Fees that went into effect in January of this year in Rochester that are intended to recoup costs the city incurs when non-profit groups host special events will be lowered for those groups and phased in over the next two years, following a request at the Monday, April 23, city council meeting.
City council in March of 2017 approved increasing the percentage non-profits must reimburse the city for services it provides during special events from 10 percent of the cost the city incurs over $1,000 to 75 percent of the cost over $100. The measure was intended to recover a portion of the tens of thousands of dollars in city-provided services it provides to non-profits using city property for city events each year.
Rochester Police Chief Steve Schettenhelm said in late 2016 that the city provided more than $175,000 in services to non-profits in 2013 through 2015. While city council members last year agreed to increase fees to non-profit organizations, the council debated for months prior as to the fee amount and whether the new fees would apply to all non-profits. Council last year also considered establishing five signature events, during which no other special events in the city would be permitted. Those events included the city's Christmas parade, the Big Bright Light Show, Heritage Days, Art and Apples, and Fire & Ice. However, council opted to forego the signature event designation and treat all special events equally, including the application of the fee schedule.
Some non-profits, at the time, said the increases would create a hardship on them and threaten to end some key events that benefit the city, such as the Paint Creek Center for the Arts' Art and Apples festival, and the annual Christmas parade, which is now overseen by the Greater Rochester Regional Chamber's Foundation.
While the new fees were approved in March of 2017, the increases didn't go into effect until January 1, 2018, in order to give non-profits time to seek sponsorships or other means of addressing the new fees.
Despite working to address the increases, representatives from the Greater Rochester Regional Chamber's Foundation and the Paint Creek Center for the Arts on Monday, April 23, told city council members the fees could jeopardize the events. The representatives requested the city reduce the fees from 75 percent to 50 percent, and phase the full force of the fees in over the next two years.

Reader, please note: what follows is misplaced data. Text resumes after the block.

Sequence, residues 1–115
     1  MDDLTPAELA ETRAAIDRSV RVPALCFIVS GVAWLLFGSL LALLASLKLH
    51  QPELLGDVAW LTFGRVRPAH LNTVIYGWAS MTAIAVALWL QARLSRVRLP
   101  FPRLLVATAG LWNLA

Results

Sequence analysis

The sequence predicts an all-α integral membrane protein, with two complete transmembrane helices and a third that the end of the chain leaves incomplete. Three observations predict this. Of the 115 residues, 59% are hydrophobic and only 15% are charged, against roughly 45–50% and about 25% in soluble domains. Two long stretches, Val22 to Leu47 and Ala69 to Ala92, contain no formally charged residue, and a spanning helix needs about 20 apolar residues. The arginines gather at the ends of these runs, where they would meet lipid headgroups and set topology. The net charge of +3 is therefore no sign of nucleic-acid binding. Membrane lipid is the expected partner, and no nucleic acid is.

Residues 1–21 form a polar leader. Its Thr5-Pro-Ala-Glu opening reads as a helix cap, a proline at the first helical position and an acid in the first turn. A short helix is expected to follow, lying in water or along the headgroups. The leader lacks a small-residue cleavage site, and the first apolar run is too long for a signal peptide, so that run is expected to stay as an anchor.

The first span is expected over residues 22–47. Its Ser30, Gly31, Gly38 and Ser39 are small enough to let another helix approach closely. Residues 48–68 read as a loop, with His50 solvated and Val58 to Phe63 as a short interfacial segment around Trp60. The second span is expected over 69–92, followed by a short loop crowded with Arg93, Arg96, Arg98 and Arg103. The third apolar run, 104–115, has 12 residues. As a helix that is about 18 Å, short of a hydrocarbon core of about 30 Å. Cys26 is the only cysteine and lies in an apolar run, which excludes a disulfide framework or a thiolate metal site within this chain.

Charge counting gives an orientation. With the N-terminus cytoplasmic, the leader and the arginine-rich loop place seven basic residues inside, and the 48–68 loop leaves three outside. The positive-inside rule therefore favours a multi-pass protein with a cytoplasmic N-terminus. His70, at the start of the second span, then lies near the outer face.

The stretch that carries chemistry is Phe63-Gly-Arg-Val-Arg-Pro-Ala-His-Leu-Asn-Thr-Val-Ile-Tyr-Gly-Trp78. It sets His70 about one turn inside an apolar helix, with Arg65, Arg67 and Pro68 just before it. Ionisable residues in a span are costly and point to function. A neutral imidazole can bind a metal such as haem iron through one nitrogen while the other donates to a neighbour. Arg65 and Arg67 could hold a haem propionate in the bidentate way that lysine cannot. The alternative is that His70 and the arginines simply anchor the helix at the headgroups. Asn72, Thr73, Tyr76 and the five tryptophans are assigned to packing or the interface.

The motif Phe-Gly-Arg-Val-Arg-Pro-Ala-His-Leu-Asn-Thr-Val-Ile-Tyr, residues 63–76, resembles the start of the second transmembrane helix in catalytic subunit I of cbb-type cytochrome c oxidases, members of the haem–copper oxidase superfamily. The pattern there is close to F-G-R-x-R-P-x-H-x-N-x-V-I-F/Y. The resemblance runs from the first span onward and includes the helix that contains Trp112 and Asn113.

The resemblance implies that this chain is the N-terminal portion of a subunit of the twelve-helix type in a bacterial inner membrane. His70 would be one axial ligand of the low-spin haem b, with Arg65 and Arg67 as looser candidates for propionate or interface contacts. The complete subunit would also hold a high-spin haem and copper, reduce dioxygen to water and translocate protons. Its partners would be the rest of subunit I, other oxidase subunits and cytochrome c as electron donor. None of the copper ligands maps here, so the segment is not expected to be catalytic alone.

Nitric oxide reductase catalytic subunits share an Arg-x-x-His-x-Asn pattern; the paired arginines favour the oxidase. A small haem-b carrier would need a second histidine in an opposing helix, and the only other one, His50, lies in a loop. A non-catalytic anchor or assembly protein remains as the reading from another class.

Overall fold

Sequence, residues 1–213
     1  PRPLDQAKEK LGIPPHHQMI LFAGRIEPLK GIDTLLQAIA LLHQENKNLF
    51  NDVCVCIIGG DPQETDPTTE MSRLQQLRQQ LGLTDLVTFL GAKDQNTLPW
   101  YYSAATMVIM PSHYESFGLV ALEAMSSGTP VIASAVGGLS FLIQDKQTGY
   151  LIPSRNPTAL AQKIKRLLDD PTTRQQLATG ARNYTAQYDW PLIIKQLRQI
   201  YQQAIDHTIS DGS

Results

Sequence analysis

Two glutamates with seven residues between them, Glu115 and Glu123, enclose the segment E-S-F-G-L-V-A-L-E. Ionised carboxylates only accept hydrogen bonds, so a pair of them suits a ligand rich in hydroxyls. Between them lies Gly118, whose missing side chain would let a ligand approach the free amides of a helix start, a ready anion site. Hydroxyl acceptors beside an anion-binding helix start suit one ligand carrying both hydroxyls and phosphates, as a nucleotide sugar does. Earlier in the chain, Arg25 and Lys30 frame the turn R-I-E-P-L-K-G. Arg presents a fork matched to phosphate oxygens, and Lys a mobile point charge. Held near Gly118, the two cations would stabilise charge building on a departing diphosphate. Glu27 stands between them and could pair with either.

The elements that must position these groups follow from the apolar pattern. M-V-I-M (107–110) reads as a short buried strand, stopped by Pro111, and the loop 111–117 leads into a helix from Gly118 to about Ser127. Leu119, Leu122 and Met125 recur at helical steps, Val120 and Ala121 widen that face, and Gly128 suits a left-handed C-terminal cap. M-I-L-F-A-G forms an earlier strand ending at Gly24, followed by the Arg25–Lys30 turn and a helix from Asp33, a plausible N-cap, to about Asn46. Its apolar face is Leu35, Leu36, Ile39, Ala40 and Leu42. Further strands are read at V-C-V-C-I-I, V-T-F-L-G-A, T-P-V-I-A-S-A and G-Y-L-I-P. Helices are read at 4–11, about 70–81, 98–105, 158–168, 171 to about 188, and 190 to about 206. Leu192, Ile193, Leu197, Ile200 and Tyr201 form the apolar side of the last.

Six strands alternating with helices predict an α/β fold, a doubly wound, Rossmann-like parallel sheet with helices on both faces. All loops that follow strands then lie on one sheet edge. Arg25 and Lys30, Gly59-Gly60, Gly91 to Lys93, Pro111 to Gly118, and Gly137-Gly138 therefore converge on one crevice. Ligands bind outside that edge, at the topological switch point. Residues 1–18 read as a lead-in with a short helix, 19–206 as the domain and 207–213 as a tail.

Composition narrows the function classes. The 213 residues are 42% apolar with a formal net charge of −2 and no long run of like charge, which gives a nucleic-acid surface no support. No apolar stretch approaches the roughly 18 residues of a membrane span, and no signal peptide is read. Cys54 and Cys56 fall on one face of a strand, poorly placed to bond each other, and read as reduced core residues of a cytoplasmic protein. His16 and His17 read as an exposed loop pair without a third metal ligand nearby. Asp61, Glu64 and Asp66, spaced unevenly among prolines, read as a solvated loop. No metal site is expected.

City council members obliged the requests, altering the fee schedule to require non-profits to provide 25 percent of costs over $100 incurred by the city in 2018 and 50 percent of all costs over $100 in 2019.
Councilwoman Ann Peterson and councilman Stuart Bikson initially opposed the fee increases in 2017. Peterson on April23 said she reviewed previous discussions on the issue and said it appeared there was a lack of a real conclusion on the matter. She suggested lowering the fees to as much as 15 to 20 percent to see how they would impact events in the city.
Mayor Pro Tem Kim Russell said she felt the suggestions by the non-profit organizations were a good compromise.
Councilman Ben Giovanelli said he supported the new changes, but said the city should have a policy requiring non-profits to provide their financial information to the city when requesting special events that will lead to added costs to the city.
"Nobody wants to kill Santa," he said, referring to the desire to support the Christmas parade and other events. "Usually when organizations come before council asking for money, they bring financials... I'm in favor of this because we have to do something and it gives them more time to kick the can down the road."
Giovanelli also said the fees must apply to all non-profits and not provide relief to just some organizations.
"Right now, there are about 100 non-profit events each year," he said. "It's like trying to pick which kid I love more. It's super unfair."